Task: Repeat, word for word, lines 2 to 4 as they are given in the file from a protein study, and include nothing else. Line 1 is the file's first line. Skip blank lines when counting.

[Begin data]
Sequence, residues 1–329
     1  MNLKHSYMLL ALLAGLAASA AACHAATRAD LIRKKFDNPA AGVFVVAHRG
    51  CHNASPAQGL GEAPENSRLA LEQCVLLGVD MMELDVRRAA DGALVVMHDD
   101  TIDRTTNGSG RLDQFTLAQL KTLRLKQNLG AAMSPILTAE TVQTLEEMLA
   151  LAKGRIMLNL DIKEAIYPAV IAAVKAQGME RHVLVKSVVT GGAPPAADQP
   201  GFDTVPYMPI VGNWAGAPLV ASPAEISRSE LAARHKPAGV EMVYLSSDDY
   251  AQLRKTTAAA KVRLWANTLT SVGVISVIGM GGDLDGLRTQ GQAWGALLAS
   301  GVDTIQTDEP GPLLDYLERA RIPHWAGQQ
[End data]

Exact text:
     1  MNLKHSYMLL ALLAGLAASA AACHAATRAD LIRKKFDNPA AGVFVVAHRG
    51  CHNASPAQGL GEAPENSRLA LEQCVLLGVD MMELDVRRAA DGALVVMHDD
   101  TIDRTTNGSG RLDQFTLAQL KTLRLKQNLG AAMSPILTAE TVQTLEEMLA